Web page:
Money Isn’t Everything: The Staggering Cost of Food Recalls

food-eggs

More than 200 million eggs from North Carolina. All romaine lettuce from southwest Arizona. Detox teas from around the nation.

Not even our animals are safe.

Over the past few weeks, we have witnessed a deluge of food recalls. And while the news may seem unprecedented, these events are far from isolated. Despite incredible technological and industrial advancements, the number of food recalls in the U.S. has actually doubled over the past 15 years. Globally, that number is far worse – with 20-30 recalls announced each week.

What are the costs of so many recalls?

In the coming weeks, you will hear many numbers discussed. And while determining the direct and indirect costs of food recalls is critical, these calculations alone do not reveal the true price we pay. To do that, we must dig deeper.

Saying goodbye – the biggest cost of all  

When it comes to calculating the losses incurred during a food recall, there are many reports to reference, formulas to use, and calculations to make. Some of these we will discuss in this article, because they are important. However, they aren’t the most important.

In fact, the greatest cost of all has nothing to do with falling stock prices, major fines, or decreased brand loyalty. It has to do with the millions of Americans who get sick from contaminated products each year and the thousands that die as a result. It’s about the victims, their families, and their friends.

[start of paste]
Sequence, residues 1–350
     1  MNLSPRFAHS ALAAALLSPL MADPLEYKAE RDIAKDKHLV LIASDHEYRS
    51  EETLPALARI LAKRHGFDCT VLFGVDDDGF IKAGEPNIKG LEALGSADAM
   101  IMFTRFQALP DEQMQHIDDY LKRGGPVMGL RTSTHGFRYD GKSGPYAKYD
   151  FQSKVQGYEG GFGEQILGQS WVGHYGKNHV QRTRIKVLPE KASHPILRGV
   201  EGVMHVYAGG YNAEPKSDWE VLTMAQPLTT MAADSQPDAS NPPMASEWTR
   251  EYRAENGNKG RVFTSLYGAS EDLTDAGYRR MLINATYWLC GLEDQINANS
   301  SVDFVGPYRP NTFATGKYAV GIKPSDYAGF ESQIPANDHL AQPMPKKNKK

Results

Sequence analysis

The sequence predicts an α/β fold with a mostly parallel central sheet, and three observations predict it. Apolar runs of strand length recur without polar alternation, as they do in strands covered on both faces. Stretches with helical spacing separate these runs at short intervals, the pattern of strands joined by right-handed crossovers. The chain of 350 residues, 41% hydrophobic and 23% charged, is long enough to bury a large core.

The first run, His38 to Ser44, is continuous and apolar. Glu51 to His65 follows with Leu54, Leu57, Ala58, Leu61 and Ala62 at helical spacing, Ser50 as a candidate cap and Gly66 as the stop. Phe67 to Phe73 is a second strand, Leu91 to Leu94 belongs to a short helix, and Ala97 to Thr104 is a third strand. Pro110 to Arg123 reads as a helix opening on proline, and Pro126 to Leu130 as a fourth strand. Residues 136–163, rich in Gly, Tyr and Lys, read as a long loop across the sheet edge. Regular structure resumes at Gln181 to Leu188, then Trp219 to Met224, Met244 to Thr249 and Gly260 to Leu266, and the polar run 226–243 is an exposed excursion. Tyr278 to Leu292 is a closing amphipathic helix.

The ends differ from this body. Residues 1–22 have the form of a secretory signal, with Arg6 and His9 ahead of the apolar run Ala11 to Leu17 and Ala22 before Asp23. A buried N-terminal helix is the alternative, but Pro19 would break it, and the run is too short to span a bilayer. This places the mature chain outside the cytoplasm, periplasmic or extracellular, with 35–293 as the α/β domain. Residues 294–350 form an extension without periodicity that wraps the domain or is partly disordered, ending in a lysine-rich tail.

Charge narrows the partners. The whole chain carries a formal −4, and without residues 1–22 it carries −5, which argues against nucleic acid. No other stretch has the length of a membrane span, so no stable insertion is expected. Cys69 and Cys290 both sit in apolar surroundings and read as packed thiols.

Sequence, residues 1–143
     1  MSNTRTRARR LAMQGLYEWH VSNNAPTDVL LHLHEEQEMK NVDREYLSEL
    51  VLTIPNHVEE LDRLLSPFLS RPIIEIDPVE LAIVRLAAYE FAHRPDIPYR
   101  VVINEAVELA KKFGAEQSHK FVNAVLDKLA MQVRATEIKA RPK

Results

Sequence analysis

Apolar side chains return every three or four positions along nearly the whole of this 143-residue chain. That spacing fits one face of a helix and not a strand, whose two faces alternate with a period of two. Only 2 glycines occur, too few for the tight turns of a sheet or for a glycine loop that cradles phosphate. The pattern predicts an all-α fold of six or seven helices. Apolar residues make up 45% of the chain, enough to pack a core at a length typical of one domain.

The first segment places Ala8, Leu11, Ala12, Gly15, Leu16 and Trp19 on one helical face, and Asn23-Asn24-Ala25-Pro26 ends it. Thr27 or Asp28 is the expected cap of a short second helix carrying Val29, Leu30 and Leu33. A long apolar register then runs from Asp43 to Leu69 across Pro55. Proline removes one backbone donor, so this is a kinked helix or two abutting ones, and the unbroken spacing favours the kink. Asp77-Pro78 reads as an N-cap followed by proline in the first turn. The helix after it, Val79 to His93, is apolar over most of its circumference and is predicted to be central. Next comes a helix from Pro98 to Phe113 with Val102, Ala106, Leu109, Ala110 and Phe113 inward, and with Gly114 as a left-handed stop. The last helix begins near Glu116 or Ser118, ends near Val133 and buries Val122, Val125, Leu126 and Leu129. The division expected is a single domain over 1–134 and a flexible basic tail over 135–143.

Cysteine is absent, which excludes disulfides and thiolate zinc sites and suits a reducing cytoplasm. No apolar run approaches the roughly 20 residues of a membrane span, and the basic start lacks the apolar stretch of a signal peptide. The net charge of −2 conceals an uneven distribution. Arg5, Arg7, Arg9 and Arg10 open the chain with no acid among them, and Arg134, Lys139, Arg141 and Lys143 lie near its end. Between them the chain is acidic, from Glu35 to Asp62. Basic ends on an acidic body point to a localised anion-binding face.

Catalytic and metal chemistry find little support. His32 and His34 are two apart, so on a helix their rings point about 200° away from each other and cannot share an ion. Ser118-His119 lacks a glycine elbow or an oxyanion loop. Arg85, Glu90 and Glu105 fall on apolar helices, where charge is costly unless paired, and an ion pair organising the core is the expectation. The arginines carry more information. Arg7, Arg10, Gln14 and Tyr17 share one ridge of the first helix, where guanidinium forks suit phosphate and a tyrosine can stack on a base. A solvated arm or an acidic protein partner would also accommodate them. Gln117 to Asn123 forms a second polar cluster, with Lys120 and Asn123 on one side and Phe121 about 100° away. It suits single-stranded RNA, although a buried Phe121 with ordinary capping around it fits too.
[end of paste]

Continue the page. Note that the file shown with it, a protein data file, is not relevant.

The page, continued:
They deserve better, and it’s up to us to make that a reality.

This requires us to dedicate 100% of our energy to making safer products, to abandon methods and practices proven to be ineffective, and to embrace strategies that work – even if they’re not the ones we’re used to.

That is the mark of true leadership – overcoming fear of the unknown to solve problems that affect more than you, your business, or even your industry. If you do this, not only will you make a positive difference in the lives of millions of Americans, your company will also benefit financially.

The financial costs of a food recall

To determine the monetary price tag of a particular recall, it’s important to look at both direct and indirect costs.

Direct costs

While direct costs vary greatly depending on the scope and reach of the contamination, conservative estimates place the average direct costs of a food recall at around $10 million.

Typically, these costs are derived from the following key areas:

  • Notification – companies must notify relevant regulatory bodies (like the FDA), as well as retailers who may carry the recalled products
  • Reverse Logistics – organizations must pull all affected products from stores
  • Disposal – companies must pay for the storage and disposal of contaminated products
  • Investigation – businesses must conduct an investigation into the source of the problem and steps they can take to prevent similar actions from occurring in the future

Indirect costs

The many indirect costs companies face are enough to cripple a business. Take, for example, government fines. Back in 2008, the now-defunct Westland-Hallmark was forced to pay the federal government more than $500 million due to contaminated beef resulting from animal abuse.